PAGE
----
Consumer Protection market intelligence
Ever thought about what happens to all the information collected by Consumer Protection when Western Australians enquire about an issue or lodge a complaint about a trader? Aside from the data being used to solve disputes and as part of investigations, it is also looked at by a team called the Market Intelligence and Planning Unit.
Analysis of the data can identify emerging trends and provide Consumer Protection with an opportunity to provide consumers with preventative advice.
Consumer Protection will list a new trend on this webpage, along with some recommendations in relation to the issue. The most recent issue will be listed below but you can look up previous issues under the Trend Archive.
‘Sunbird’ sheds light on scale of consumer frauds
In May 2012 the WA Police Major Fraud Squad began ‘Operation Sunbird’ to investigate whether funds transferred from Western Australia to West Africa were as a result of ‘request for money’ scams/frauds. The sophisticated scheme involves organised criminals connecting with victims online and extensively grooming them in what appears to be a personal relationship.
Police figures compiled between May 2012 and January 2013 have shown more than $11million has been sent to scammers in recent times (some transactions date back to 2011 even though they were discovered in the last few months). There are individual losses of up to $300,000.
In addition to these shocking statistics there are recorded losses from self-reporting romance fraud victims who contacted WA ScamNet – that adds up to about $900,000 in a year.
It’s just the tip of the iceberg though – money going to places like Malaysia, the UK, Canada and the US hasn’t been examined yet.
Due to the scale of the problem, what started as a police operation has matured into a long term partnership and collaboration between the Major Fraud Squad and Consumer Protection and has been appropriately renamed ‘Project Sunbird’.
Sunbird is about intervention. Victims who repeatedly send large amounts of money to places like Ghana, Nigeria or Sierra Leone are notified that they are caught up in a fraud. They inevitably find it extremely difficult to accept that the person they have been conversing with, over email and phone for months or sometimes even years, is a con artist. It is useful for them to hear it from two Government agencies and to access support offered by both. Further personal support services for victims are also being sourced.
If you or someone you know has begun a relationship with a person overseas after meeting on an internet dating or social networking website, you have not met them face to face and that person requests money, it will likely be a fraud. Don’t be fooled by claims that the cash is needed to help out in an emergency situation, to fund an investment opportunity or to pay for an airfare to come to WA. Also be aware that the person running the fraud may not represent themselves as being West African; they may pretend to be Australian, English, American or some other nationality.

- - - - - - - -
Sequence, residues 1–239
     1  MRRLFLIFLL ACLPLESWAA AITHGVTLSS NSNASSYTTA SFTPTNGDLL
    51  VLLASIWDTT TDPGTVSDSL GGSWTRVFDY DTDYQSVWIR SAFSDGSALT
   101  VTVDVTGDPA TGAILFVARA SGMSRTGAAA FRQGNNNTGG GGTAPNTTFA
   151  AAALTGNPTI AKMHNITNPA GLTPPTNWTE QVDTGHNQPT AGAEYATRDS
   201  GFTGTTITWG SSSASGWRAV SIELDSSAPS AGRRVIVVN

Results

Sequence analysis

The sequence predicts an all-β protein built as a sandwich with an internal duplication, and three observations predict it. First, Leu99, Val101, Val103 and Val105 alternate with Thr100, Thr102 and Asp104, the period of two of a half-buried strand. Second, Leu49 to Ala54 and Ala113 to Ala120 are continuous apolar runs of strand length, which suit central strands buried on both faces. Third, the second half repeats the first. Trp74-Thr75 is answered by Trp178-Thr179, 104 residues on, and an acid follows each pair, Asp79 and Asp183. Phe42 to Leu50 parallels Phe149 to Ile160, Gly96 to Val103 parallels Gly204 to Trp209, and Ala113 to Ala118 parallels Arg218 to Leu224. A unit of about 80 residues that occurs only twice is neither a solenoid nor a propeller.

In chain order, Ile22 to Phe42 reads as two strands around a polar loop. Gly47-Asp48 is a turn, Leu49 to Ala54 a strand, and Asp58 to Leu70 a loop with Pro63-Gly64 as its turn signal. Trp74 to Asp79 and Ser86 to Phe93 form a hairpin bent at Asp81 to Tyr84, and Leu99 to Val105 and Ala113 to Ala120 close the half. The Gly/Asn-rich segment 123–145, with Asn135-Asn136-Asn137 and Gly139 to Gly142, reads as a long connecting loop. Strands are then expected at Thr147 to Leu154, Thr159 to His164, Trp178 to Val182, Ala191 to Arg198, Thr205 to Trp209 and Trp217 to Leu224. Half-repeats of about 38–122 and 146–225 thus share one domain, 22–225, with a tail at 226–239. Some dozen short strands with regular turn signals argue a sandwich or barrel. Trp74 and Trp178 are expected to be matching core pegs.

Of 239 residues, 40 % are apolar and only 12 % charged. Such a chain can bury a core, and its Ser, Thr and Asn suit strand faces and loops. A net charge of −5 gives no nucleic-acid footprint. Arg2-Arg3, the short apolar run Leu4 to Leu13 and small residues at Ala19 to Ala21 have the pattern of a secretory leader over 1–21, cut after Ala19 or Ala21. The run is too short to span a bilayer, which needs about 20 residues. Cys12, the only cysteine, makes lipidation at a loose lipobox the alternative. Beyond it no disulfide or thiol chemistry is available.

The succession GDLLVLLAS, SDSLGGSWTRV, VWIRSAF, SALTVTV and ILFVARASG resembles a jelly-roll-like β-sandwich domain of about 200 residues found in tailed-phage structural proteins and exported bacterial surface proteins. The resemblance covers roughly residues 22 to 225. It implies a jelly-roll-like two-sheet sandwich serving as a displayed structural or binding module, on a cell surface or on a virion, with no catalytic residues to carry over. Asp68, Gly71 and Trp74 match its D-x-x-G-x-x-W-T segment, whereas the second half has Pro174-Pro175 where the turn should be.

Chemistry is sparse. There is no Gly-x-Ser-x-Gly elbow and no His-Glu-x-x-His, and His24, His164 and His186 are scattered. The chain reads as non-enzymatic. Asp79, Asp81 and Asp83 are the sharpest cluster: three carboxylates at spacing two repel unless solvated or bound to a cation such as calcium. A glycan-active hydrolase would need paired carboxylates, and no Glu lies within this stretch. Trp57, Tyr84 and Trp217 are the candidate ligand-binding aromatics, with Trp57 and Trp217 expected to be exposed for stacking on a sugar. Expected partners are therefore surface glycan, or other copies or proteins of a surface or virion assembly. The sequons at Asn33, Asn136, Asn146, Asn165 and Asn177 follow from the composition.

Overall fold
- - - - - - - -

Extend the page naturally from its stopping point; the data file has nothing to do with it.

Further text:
WA ScamNet’s top tips to avoid relationship fraud:
- Do not respond to out-of-the-blue social media messages from strangers, such as a friend request on Facebook.
- Be on your guard if someone you meet on an online dating site asks you to take the conversation over to email or instant messaging.
- Be wary of overseas-based singles especially if they confess their love for you after a short amount of time or want to know about your financial status.
- Remember that just because someone shares personal photos does not mean the pictures are of them – scammers often steal other people’s photos.
- Don’t be fooled into thinking that talking to somebody on the phone means you know them and that they are who they say there are.
- Be concerned if a person refuses to chat real-time via a webcam and be mindful that even Skype is not scammer proof – watch out for pre-recorded videos.
- Alarm bells should ring if someone you do not know personally (have met face-to-face) requests money, particularly by a wire transfer service such as Western Union or even direct bank transfers, which could be going to an account set up with a stolen identity.
- Anyone who has lost money in a relationship fraud should be very wary of secondary scam attempts e.g. offers of scam compensation from law enforcement or government agencies.
2012 Top Five Complaints
The hottest topic for consumers in 2012 was solar products with complaints about installation delays and warranties issues. This was followed by complaints about air transport, discount vouchers, fencing and pre-assembled furniture.
To cap it off, WA ScamNet recorded $1.7 million in losses to scams over the 12 month period with romance scams accounting for about $870,000 of the total.
Consumer Protection handled 10,808 complaints in 2012. The top five issues were:
- Solar products (installation delays and warranties) – 234 complaints
- Air Transport (refunds and non-performance) – 152
- Discount vouchers (supply difficulties and refunds) – 137
- Fencing (workmanship and delays) – 124
- Pre-assembled furniture (unsatisfactory goods and remedies) – 84
WA ScamNet recorded $1.7 million in losses. The top five reported scams were:
- Microsoft scam (remote tech support) – average victim loss of $500
- Romance scams – average victim loss of $37,000
- Puppy scams (non-existent pets for sale) – average victim loss of $800
- ATO scams (bogus tax office refunds) – average victim loss of $450
- Rental scams (fake online classifieds listings) – average victim loss of $1,500